Friday, August 26, 2016

Understanding our Age | Jacques Ellul

"Technical civilization has made a great error in not suppressing death,
the only human reality still intact."
(HERE+ HERE)
Jacques Ellul (1954) - Thanks to television, it is no longer necessary for the members of a family to have anything at all to do with one another or even to be conscious of the fact that family relations are impossible. It is no longer necessary to make decisions. It is possible for a married couple to live together a long time without ever meeting each other in the resonant emptiness of television.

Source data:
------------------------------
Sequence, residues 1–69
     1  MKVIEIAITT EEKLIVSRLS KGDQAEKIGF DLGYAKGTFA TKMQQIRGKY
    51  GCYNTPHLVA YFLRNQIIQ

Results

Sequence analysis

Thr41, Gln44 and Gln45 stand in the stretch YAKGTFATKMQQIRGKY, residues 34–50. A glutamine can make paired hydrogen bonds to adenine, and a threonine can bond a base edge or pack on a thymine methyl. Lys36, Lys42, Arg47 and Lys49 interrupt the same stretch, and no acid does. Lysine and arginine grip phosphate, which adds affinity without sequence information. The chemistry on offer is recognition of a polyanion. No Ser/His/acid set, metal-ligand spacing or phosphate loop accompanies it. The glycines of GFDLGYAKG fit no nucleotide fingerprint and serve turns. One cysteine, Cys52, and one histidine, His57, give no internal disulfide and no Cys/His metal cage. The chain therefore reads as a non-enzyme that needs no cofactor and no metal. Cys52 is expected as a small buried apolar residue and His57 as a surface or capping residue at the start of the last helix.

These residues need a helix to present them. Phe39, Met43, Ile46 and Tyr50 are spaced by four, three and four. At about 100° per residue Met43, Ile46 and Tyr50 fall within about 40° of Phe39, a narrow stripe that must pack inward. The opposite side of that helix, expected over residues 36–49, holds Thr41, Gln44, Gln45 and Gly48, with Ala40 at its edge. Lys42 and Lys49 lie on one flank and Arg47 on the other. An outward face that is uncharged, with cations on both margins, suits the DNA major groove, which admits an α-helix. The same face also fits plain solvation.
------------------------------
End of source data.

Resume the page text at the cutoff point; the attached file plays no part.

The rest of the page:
[...] Technical civilization has made a great error in not suppressing death, the only human reality still intact. Man is still capable of lucid moments about the future. Propaganda techniques have not been able wholly to convince him that life has any meaning left. But amusement techniques have jumped into the breach and taught him at least how to flee the presence of death. He no longer needs faith or some difficult asceticism to deaden himself to his condition. The movies and television lead him straight into an artificial paradise. Rather than face his own phantom, he seeks film phantoms into which he can project himself and which permit him to live as he might have willed. For an hour or two he can cease to be himself, as his personality dissolves and fades into the anonymous mass of spectators. The film makes him laugh, cry, wonder, and love. He goes to bed with the leading lady, kills the villain, and masters life’s absurdities. In short, he becomes a hero. Life suddenly has meaning.